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The Ald rises near Framlingham, and runs south-east to Aldborough, where having approached to within a very small distance of the sea, it suddenly takes a southern direction, and discharges itself below Orford into the German Ocean,

The Blythe has its source near Saxfield, in the hundred of Hoxne, whence running east-north-east to Halesworth, it then proceeds almost due east to Blythburgh and Southwold, where it falls into the sea.

The Larke rises in the south-western part of the county, passes Bury and Mildenhall, and joins the Great Ouse not far from the latter town.

The Waveney and Little Ouse have already been mentioned in treating of Norfolk. The former, after running fifty miles towards the sea in an eastern direction, and approaching its very shores, is opposed by a rising ground, which gives it an abrupt direction almost due north. This leads it to the river Yar; and though its waters are suficient to give name to a harbour of its own, it merely assists as a secondary river in deepening and enlarging the harbour of Yarmouth. The meadows through which it passes with an even and gentle course, are supposed to be among the richest in England. Hither numerous herds of starved cattle from the highlands of Scotland find their way, and soon growing fat, continue their journey to supply the markets of the capital.*

ROADS AND CANALS.---The roads in every part of this county are excellent, the improvements made in them of late years being almost inconceivable: in most directions, indeed, the traveller finds cross ones equal to turnpike-roads.

The only canal in Suffolk, which will be noticed in another place, runs from Ipswich to Stow market.

Woods.---The woods of Suffolk scarcely deserve mentioning. The strong loans formerly contained considerable quantities of large oak; but these have here, as in every other part of the king.




Gilpin's Tour through Cambridge, Norfolk, Suffolk, &c.

dom, been much lessened, and the succession that is coming or bears no proportion to the growth that preceded. In general planting is undertaken more with a view to ornament than profit.

WASTES.---Though Suffolk must be reckoned among the earliest enclosed of the English counties, very large tracts yet want the benefit of this first and greatest of all improvements. Some modern inclosures have been made by act of parliament, but the examples are not well followed, though the success has been great.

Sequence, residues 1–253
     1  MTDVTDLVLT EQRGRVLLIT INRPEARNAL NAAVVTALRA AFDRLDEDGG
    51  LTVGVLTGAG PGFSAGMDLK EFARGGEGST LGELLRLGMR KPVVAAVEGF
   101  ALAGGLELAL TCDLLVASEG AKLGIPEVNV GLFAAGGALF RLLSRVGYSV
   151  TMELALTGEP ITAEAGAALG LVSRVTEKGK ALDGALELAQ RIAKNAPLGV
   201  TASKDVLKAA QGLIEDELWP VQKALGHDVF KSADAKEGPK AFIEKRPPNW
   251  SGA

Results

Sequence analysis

The wastes of this county are calculated by Mr. Young,* from all the information which he could obtain, and a careful comparison of various data, to amount to nearly, if not quite 100,000 acres, or an eighth of the whole, comprehended under the terms sheepwalk, common, warren, &c. “ None of these,” adds the writer just mentioned, “ are strictly speaking absolutely waste, if by that term is understood land yielding nothing. Jincinde all lands uncultivated, which would admit of a very great improvement, not always profitable to the tenant, who may, on a small capital, make a great interest per cent. by a warren, for instance, but in every case to the public. Many farmers think sheep-walks necessary for their flocks, which is very questionable. They are undoubtedly useful; and if they were converted into corn, the number of sheep kept upon a farm might in a few cases decline; but good grass adapted to the soil would be abundantly more productive for the flock. Whoever bas viewed the immense wastes that fill almost the whole country from Newmarket to Thetford, and to Gastrop Gate, and which are found between Woodbridge and Orford, and thence one way to Saxmundham, not to mention the numerous heaths that are scattered every where, must be convinced that their improvement for grass would enable the county to carry many thousands of sheep more than it does at present.”

The following recent inclosures, with the year in which they were made, and the quantity of land brought into cultivation, are mentioned by Mr. Young. +

Young's View of the Agriculture of Suffo!!, p. 168.
Ibid. 38-44.

Coney Weston


1260 acres Barningham


580 Pakefield and Gisleham 1798

330 Wollington


860 Barton Mills

800 Tuddenham

1500 PROPERTY.---The state of property in this county may be considered beneficial in its division. The largest estate is supposed not to exceeed 8,5001, a year; there are three or four others which rise above 5,0001. and about thirty others of 3,0001, and upwards. Below this standard there are many of all sizes: but a circumstance which strongly indicates the prosperity of this portion of the kingdom, is the great number of yeomen, or farmers occupying their own lands, of a value rising from 1001. to 4001. a year. These, as Mr. Young emphatically remarks, are most valuable set of men, who having the means, and the most powerful inducements to good husbandry, carry agriculture to a high degree of perfection."